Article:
Education

As a father of two teenage daughters, I’ve come to the conclusion that happiness, health and confidence should form the foundation of our education system here in Manchester as we seek to raise the bar of quality. The current methods of teaching brings only stress, pressure and uncertainty for both teachers and pupils and there is now a fear of failing starting to develop amongst our children which can only have a detrimental effect on any entrepreneurial spirit . Even a quick glance at the statistics for mental health issues, depression and self-harm amongst our children aged 4 to 16 is enough to demand a total rethink of what’s presently on offer.

I might have voted for Brexit, but I do believe in the European model of education where children start formal academic schooling at the age of 6. I believe the foundation stages of education for 4 to 6 year olds should revolve around developing social and emotional intelligence through play, rather than academic learning. Pushy parents need to understand that by increasing demands on academic results in the early years reduces quality and increases stress levels of the finished article.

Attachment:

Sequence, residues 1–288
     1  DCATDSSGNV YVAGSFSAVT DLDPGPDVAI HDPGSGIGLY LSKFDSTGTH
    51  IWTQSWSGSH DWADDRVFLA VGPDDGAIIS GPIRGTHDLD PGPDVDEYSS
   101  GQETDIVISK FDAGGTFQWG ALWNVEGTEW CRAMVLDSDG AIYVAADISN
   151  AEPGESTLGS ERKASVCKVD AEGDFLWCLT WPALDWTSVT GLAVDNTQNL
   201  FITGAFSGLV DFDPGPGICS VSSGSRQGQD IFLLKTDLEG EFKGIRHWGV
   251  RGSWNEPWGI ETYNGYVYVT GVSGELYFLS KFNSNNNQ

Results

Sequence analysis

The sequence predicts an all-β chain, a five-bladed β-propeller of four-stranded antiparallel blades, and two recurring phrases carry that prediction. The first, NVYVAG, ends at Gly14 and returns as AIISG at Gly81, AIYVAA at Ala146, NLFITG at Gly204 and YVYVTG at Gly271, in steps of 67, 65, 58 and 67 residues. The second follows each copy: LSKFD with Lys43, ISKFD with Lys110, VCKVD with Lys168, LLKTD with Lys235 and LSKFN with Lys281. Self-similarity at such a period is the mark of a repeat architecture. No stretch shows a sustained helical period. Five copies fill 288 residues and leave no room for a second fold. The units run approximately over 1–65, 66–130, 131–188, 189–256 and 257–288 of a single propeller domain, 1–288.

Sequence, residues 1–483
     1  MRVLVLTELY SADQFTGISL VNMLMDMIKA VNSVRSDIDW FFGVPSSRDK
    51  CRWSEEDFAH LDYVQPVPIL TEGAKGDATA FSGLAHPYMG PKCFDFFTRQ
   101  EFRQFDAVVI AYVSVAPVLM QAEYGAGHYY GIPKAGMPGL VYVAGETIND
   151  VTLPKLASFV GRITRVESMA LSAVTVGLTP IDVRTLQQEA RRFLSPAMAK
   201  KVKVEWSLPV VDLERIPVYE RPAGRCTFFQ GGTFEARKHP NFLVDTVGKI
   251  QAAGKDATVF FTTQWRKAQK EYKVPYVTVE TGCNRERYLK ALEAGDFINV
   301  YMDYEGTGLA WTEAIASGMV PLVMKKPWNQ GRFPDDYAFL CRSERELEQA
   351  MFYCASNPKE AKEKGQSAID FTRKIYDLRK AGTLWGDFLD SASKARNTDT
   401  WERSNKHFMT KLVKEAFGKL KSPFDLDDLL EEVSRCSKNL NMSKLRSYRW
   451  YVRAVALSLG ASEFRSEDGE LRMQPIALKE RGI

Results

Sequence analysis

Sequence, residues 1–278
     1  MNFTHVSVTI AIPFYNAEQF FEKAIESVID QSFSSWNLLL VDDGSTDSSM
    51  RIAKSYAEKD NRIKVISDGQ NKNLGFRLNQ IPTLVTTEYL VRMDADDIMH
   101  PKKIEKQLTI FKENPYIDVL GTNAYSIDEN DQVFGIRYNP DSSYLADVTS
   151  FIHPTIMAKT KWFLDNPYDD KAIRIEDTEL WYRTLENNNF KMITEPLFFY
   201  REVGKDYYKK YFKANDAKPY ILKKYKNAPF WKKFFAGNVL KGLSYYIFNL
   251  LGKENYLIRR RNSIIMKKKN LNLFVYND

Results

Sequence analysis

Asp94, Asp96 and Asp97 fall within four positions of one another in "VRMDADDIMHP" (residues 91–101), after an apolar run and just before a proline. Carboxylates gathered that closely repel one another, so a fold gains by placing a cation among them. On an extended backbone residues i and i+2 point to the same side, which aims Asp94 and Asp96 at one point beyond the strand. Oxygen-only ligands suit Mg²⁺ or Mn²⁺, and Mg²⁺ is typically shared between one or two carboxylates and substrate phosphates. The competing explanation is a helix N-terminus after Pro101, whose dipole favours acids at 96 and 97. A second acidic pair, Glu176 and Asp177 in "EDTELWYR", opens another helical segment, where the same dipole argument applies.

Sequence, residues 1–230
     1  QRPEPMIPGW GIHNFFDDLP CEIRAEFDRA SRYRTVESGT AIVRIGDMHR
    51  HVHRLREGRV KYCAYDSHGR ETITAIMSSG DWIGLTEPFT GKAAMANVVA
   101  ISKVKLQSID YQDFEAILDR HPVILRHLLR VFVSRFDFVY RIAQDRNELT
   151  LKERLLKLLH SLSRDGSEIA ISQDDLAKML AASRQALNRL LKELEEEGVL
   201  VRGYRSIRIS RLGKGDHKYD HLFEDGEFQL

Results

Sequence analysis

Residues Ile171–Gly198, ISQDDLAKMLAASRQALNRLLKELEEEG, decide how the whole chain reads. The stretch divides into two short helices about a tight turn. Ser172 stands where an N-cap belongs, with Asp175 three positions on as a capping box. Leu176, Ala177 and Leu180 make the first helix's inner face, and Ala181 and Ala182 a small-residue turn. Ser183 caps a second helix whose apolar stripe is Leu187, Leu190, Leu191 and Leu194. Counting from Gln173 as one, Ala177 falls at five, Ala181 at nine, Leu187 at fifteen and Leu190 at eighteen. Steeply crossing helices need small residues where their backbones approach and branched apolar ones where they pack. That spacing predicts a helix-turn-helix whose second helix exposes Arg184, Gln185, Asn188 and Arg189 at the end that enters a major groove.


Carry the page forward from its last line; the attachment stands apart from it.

I also believe that by age 11, all children should know how to cook a healthy meal and understand the importance of fruit and vegetables over processed foods. Rightly or wrongly, I think all problems within our education system have a link of some kind to poor diet – too much sugar in particular – and lack of hydration.

When it comes to teenagers, I think we should look at them as we do plants. If all plants are put in the sunshine, some will flourish but those that need shade or damp conditions won’t do as well. And there’ll be many weeds! The idea that one type of school fits all is evidently not the answer – and large schools that argue economies of scale actually appear to operate diseconomies of scale. We need to move towards a system with smaller, specialist schools that deliver the skills individual children need to successfully enter the workforce.

I am in favour of grammar schools in all areas of Manchester to take the brighter kids and push them along academically. This will prevent the private sector taking over our education system, which is certainly the case in South Manchester. The idea that kids who don't go to grammar schools are ‘left behind’ is ludicrous in 2017. It’s obvious there’s a massive shortage of practical skills in our workforce – and these should be taught in our schools to meet the demand. Too many of our children are bored with the narrow idea that one educational style, i.e. traditional academic learning, fits all.

With regards to college education in Manchester, I would create a business-minded organisation that links schools with local companies who can provide proper careers advice to our children, together with a list of opportunities. Teeneagers leaving school need to know and understand all the opportunities available to them.

The video below is an example of how a failing London school was turned around with strong leadership and organisation.